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Saturday, October 22, 2005

Signs of Atlas Shrugging

Who is John Galt? You might see a shadow of him here:
The feds have also done their best to remove any financial incentive--i.e., profit--for developing new vaccines. The Vaccines For Children program, a pet project of Hillary Clinton back in her First Lady days, has been especially destructive. The program now buys more than 50% of all private vaccines, and it uses this monopsony clout to drive prices down to commodity levels.

When one pharmaceutical company offered to sell a new pneumococcal vaccine to the government for $58 a dose, the Centers for Disease Control demanded a $10-a-dose discount. Politicians want companies to take all the risk of developing new vaccines, but they don't want the companies to make any money from taking those risks. Then the politicians profess surprise and dismay that there's a vaccine shortage.

Vaccine makers are also a favorite target of tort lawyers, who've spent 20 years trying to get around the 1986 Vaccine Injury Compensation Program (VICP)--which was specifically designed to protect vaccine makers from liability abuse. Senate Majority Leader Bill Frist has been trying to update the VICP for several years, and Republicans did pass a liability provision as a rider to a homeland security bill in 2002. But three GOP Senators--Susan Collins, Olympia Snowe and Lincoln Chafee--created a media ruckus and demanded that it be killed. The Senators promised more debate on the subject, yet once the headlines vanished so did their interest.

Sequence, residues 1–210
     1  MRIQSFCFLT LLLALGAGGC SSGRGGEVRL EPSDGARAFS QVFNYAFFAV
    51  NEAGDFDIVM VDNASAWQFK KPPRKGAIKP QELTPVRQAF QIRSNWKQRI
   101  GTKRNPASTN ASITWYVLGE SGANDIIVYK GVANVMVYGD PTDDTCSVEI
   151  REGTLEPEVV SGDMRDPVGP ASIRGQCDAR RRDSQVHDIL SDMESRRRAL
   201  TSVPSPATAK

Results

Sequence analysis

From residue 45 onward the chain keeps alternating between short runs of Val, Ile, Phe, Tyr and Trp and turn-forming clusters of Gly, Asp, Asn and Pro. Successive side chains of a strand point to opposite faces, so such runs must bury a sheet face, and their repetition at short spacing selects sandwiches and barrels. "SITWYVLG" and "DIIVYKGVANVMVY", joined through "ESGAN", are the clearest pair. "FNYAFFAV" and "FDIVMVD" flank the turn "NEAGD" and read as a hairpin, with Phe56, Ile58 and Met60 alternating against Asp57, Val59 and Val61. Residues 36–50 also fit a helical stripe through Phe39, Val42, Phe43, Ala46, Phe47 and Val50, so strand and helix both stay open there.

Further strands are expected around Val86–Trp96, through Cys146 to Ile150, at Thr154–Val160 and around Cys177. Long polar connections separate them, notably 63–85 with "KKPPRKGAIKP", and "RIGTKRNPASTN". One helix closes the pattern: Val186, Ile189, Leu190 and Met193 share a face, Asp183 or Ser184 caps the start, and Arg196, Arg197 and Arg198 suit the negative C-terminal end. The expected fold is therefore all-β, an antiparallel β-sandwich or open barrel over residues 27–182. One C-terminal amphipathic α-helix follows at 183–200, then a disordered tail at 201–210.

The larger point is that if politicians want private industry to develop new cures and vaccines, they can't steal their patents or confiscate their hope of making money. Private companies developed the AIDS drugs that have extended millions of lives, but countries like Brazil want to force those companies to give the drugs away at cost.

Remember -
"If you ask me to name the proudest distinction of Americans, I would choose—because it contains all the others—the fact that they were the people who created the phrase 'to make money.' No other language or nation had ever used these words before; men had always thought of wealth as a static quantity—to be seized, begged, inherited, shared, looted of obtained as a favor. Americans were the first to understand that wealth has to be created. The words 'to make money' hold the essence of human morality.

"Yet these were the words for which Americans were denounced by the rotted cultures of the looters' continents. Now the looters' credo has brought you to regard your proudest achievements as a hallmark of shame, your prosperity as guilt, your greatest men, the industrialists, as blackguards, and your magnificent factories as the product and property of muscular labor, the labor of whip-driven slaves, like the pyramids of Egypt. The rotter who simpers that he sees no difference between the power of the dollar and the power of the whip, ought to learn the difference on his own hide— as, I think, he will.
Atlas Shrugged

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